The Last Word
Why did Aphrodite go to Emory? To get a head,
of course
  About 170 years ago, a rare, well-preserved marble statue of the goddess Aphrodite lost her head. Rumor has it that this goddess of love and beauty finally was caught by her husband, Hephaestus, in another of her endless love trysts. Being unhappy with his unfaithful wife, he exclaimed, “So you want to act like an air-head? Fine! Now you will look like one!” At which point he knocked her block off. Undeterred, Aphrodite reportedly decided that being simply necked was fine and continued in her amorous pursuits.
     It was not known what had become of Aphrodite’s head until this summer when the rest of Aphrodite came to Sotheby’s auction in New York, appearing modest and contrite and seeking a sponsor for a try at rehabilitation. Jasper Gaunt, curator of Greek and Roman Art at Emory’s Carlos Museum, clearly sympathetic to the goddess’s plight, placed the highest bid. Aphrodite was so pleased for the opportunity to come to Emory that she was speechless. And although she desperately wanted to embrace the man who had put such faith in her, she showed rock-solid restraint.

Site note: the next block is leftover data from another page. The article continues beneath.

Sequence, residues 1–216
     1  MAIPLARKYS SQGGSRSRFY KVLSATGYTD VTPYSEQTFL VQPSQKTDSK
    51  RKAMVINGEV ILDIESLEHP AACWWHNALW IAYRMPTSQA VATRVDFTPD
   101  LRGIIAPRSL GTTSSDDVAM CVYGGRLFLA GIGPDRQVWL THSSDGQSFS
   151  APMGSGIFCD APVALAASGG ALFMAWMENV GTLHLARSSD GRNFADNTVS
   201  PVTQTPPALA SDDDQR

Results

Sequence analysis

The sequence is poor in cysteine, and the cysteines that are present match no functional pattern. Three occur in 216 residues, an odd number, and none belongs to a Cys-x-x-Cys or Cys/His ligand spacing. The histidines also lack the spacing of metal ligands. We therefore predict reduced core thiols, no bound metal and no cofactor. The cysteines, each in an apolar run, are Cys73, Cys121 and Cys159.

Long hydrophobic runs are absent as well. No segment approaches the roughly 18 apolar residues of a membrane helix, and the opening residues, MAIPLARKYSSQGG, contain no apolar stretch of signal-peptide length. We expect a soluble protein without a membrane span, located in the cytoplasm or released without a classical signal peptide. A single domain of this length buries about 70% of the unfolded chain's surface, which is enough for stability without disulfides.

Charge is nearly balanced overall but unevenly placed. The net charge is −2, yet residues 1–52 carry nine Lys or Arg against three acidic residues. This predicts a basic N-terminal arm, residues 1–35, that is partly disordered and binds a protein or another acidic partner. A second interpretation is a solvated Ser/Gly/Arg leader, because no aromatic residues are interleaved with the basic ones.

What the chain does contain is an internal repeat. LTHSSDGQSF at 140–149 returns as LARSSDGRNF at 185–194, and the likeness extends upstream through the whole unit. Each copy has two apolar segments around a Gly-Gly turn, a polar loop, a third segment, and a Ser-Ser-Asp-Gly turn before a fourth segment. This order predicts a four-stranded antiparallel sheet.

Clearly, as a signal from the gods, a private party (who wished to remain anonymous but who is rumored to be associated with her guilt-ridden husband) came forward and offered to return Aphrodite’s head so that it might be reunited with her body, the better to pursue her newfound love of learning.
     Specialists at the Carlos Museum are ready to undertake the work of reuniting Aphrodite with her head. Also standing at the ready is Michael Johns, CEO of the Woodruff Health Sciences Center and renowned head and neck surgeon. “While reattachment of a head and neck has never been tried before,” he says, “as one of the few people on campus actually licensed to cut throats, I would love to lend a hand.”
     The most beautiful Capitoline Aphrodite in the United States and one of the loveliest of this type in the world is looking forward to having her head screwed on right for the first time in possibly 170 years. The Emory community expects that she will love it here.

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